All finance commitments made by the private sector at the UN Climate Summit are on track to being realized. Moreover, billions of additional dollars have been invested since the Summit to support low-carbon and climate-resilient investments in all parts of the world.

The Lima-Paris Action Agenda builds on this progress. Together, these initiatives are making an impact. They demonstrate that we can reduce emissions, improve energy efficiency, build more sustainable cities, protect our forests and create a better future for all.

The benefits of technology and innovation can accelerate progress on sustainable development. I have appointed an Advisory Group of ten eminent individuals from civil society, the private sector and the scientific community to support the recently established Global Technology Facilitation Mechanism and its important work.

This week I also launched my resilience initiative.

I am committed to working with various partners on a range of multiple opportunities to scale up climate action. This will include a “Climate Action 2016” summit of leaders from government, business, cities, civil society and academia on May 5–6 next year in Washington, D.C.

This high-level gathering will complement ongoing efforts and catalyze concrete deliverables in specific high-value areas, such as cities, land use, resilience, energy, transport, tools for decision makers, and finance.

These are the areas that will help make a difference as we work to implement the outcome of the climate conference here in Paris.

We need to rapidly expand and accelerate climate action at every level – from the local to the global. We must go further and we must go faster in line with what science requires to limit temperature rise to less than 2 degrees.

The United Nations system will continue to support climate action in partnership with all stakeholders.

I thank you for your leadership, vision and commitment to building a more prosperous, resilient and secure future for all.”

Source: UN Climate Change News Room

Reflection on the 2012 Doha Climate Change Talks

Carlos Fuller, International and Regional Liaison Officer at the Caribbean Community Climate Change Centre, says Caribbean delegates played a major role at last year’s climate change talks in Doha, including as Chairs of Contact groups and lead negotiators representing the Alliance of Small Island Developing States (AOSIS) or the Group of 77 and China. He notes that the region would like to see the establishment of a Loss and Damage mechanism included in the successor agreement to the Kyoto Protocol. Read his reflection on the 2012 Doha climate change talks.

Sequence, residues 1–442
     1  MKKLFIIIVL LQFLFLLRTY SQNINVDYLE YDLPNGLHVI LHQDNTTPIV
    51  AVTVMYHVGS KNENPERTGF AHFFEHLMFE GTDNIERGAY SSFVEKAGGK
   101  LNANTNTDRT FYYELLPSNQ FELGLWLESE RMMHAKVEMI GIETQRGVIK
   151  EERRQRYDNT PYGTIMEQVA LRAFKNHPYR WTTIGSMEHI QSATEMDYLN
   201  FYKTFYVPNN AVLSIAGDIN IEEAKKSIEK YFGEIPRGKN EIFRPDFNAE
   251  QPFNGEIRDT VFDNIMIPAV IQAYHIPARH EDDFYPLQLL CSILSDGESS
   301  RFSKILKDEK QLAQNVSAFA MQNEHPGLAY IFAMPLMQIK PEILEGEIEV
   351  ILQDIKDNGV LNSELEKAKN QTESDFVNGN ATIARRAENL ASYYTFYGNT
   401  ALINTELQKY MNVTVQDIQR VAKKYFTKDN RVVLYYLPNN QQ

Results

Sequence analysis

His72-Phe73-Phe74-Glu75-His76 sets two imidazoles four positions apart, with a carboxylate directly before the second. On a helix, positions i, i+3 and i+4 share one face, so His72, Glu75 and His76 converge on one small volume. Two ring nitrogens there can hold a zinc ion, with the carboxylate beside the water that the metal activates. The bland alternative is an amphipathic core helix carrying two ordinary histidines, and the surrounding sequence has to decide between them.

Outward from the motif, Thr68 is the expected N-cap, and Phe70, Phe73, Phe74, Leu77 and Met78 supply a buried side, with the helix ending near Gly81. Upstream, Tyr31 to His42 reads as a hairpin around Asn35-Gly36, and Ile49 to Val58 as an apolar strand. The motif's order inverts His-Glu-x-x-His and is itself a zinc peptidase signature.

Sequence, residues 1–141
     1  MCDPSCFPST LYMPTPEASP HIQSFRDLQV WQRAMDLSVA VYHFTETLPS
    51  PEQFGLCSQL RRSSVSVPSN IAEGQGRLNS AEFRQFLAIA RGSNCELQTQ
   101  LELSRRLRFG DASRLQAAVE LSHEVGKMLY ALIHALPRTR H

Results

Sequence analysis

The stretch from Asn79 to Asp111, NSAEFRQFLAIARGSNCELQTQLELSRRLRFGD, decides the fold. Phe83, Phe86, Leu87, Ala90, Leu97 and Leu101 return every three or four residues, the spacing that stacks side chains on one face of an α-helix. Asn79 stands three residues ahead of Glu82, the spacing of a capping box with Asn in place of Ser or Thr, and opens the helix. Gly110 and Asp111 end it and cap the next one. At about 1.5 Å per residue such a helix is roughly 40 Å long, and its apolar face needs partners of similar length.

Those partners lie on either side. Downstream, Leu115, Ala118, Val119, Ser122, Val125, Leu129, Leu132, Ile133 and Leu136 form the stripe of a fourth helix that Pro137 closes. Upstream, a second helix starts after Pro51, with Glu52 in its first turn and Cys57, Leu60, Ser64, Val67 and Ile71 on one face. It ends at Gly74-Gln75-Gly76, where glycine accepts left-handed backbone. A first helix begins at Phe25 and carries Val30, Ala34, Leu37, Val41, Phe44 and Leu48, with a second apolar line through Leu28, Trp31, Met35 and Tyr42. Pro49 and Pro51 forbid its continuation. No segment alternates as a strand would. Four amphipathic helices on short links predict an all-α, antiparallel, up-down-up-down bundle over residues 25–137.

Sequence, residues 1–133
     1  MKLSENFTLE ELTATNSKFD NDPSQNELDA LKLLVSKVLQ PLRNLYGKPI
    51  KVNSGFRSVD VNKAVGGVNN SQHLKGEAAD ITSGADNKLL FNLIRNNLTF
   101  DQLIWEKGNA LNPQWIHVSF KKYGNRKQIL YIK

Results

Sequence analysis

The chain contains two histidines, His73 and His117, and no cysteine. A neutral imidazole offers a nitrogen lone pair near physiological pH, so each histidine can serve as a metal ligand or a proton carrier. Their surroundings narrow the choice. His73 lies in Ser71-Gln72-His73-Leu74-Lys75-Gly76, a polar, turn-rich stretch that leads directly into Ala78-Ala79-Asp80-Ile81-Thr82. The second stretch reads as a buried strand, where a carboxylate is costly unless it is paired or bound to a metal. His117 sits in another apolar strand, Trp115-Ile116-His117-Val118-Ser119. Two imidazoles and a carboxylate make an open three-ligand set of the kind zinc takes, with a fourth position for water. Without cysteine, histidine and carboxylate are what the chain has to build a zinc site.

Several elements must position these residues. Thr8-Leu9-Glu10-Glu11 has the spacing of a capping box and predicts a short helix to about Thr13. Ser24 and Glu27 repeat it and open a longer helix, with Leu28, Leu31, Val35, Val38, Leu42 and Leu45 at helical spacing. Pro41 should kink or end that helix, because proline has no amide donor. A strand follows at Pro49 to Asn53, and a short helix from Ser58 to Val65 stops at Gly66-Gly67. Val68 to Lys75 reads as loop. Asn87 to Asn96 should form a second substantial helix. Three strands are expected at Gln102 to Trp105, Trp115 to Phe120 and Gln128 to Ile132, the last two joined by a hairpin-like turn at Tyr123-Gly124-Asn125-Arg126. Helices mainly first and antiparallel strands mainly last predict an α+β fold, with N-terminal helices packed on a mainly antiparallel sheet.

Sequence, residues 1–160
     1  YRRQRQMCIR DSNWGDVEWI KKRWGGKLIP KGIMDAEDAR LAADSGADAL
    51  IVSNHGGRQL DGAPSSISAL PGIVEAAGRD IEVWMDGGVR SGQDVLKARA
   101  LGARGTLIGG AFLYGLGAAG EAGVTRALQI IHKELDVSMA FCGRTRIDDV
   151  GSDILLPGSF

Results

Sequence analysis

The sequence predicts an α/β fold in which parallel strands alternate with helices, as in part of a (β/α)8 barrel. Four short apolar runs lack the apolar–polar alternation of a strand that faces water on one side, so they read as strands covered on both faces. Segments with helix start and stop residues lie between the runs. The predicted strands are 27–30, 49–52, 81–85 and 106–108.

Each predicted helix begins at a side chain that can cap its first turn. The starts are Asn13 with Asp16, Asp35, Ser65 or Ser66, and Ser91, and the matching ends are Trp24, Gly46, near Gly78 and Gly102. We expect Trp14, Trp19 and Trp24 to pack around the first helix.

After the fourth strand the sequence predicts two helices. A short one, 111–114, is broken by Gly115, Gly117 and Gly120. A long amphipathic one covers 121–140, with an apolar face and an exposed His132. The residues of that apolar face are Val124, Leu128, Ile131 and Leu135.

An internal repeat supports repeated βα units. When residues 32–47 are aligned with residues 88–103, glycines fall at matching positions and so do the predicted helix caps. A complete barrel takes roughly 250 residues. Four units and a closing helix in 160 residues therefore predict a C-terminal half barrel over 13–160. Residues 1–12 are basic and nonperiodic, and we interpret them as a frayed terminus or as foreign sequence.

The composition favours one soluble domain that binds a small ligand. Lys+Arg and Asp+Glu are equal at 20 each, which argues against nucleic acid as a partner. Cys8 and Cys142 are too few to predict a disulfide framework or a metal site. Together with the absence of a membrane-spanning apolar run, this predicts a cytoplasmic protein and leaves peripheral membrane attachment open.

Carlos Fuller, International and Regional Liasion Officer

Carlos Fuller, International and Regional Liasion Officer

The annual United Nations Climate Change Talks were held in Doha, Qatar from 26 November to 6 December 2012. It consisted of meetings of all seven bodies of the United Nations Framework Convention on Climate Change (UNFCCC) including the 18th Session of the Conference of the Parties (COP), the highest body of the Convention, and the 8th session of the Conference of the Parties serving as the meeting of the parties of the Kyoto Protocol (CMP), which is the highest body of the Kyoto Protocol.

The Caribbean delegations attending the meetings were hoping to achieve three main objectives: to ensure the continuity of the Kyoto Protocol, to ensure a successful conclusion of the Ad Hoc Working Group on Long Term Cooperative Action under the Convention, and to establish a loss and damage mechanism. Most of these objectives were realized.

The first commitment period of the Kyoto Protocol ended on the 31st of December 2012. Developed countries had agreed when they signed the Kyoto Protocol in 1997 that they would collectively reduce their emissions of greenhouse by 5% of their 1990 levels during the period 2008 to 2012. A carbon market consisting of three flexibility mechanisms were created to assist these countries in meeting their targets. These would have collapsed without a successor agreement. Most of the original developed country signatories to the protocol agreed to an 8-year second commitment period which would result in a collective emission reduction of 18% below their 1990 levels. Japan, New Zealand and the Russian Federation refused to undertake commitments in the second period. The United States of America never ratified the Kyoto Protocol and Canada withdrew last year. A new gas, nitrogen trifluoride, was added to the list of gases controlled by the Kyoto Protocol. Countries agreed that Joint Implementation projects, which are projects between developed countries to reduce emissions of greenhouse gases, should contribute 2% of their proceeds to the Adaptation Fund.